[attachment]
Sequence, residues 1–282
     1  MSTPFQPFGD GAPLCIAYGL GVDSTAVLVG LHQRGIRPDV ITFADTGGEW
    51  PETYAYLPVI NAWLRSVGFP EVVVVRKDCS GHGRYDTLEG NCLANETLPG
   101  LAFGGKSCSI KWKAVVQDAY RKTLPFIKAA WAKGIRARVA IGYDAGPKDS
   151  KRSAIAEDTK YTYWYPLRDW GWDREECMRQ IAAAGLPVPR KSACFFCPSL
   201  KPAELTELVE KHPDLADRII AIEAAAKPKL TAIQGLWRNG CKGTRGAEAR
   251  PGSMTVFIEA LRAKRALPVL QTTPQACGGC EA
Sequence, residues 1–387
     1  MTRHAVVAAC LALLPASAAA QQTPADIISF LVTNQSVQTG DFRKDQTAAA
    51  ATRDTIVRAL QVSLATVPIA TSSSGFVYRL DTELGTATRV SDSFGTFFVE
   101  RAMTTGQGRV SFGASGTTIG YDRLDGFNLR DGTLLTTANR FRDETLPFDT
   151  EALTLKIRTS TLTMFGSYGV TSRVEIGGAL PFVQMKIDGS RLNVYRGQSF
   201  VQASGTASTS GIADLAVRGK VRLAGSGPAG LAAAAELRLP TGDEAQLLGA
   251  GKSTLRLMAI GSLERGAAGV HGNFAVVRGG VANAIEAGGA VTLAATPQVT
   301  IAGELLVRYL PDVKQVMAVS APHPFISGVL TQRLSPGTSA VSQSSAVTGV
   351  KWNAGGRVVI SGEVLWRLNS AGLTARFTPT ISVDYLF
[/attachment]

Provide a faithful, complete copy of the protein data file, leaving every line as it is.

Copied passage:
Sequence, residues 1–282
     1  MSTPFQPFGD GAPLCIAYGL GVDSTAVLVG LHQRGIRPDV ITFADTGGEW
    51  PETYAYLPVI NAWLRSVGFP EVVVVRKDCS GHGRYDTLEG NCLANETLPG
   101  LAFGGKSCSI KWKAVVQDAY RKTLPFIKAA WAKGIRARVA IGYDAGPKDS
   151  KRSAIAEDTK YTYWYPLRDW GWDREECMRQ IAAAGLPVPR KSACFFCPSL
   201  KPAELTELVE KHPDLADRII AIEAAAKPKL TAIQGLWRNG CKGTRGAEAR
   251  PGSMTVFIEA LRAKRALPVL QTTPQACGGC EA
Sequence, residues 1–387
     1  MTRHAVVAAC LALLPASAAA QQTPADIISF LVTNQSVQTG DFRKDQTAAA
    51  ATRDTIVRAL QVSLATVPIA TSSSGFVYRL DTELGTATRV SDSFGTFFVE
   101  RAMTTGQGRV SFGASGTTIG YDRLDGFNLR DGTLLTTANR FRDETLPFDT
   151  EALTLKIRTS TLTMFGSYGV TSRVEIGGAL PFVQMKIDGS RLNVYRGQSF
   201  VQASGTASTS GIADLAVRGK VRLAGSGPAG LAAAAELRLP TGDEAQLLGA
   251  GKSTLRLMAI GSLERGAAGV HGNFAVVRGG VANAIEAGGA VTLAATPQVT
   301  IAGELLVRYL PDVKQVMAVS APHPFISGVL TQRLSPGTSA VSQSSAVTGV
   351  KWNAGGRVVI SGEVLWRLNS AGLTARFTPT ISVDYLF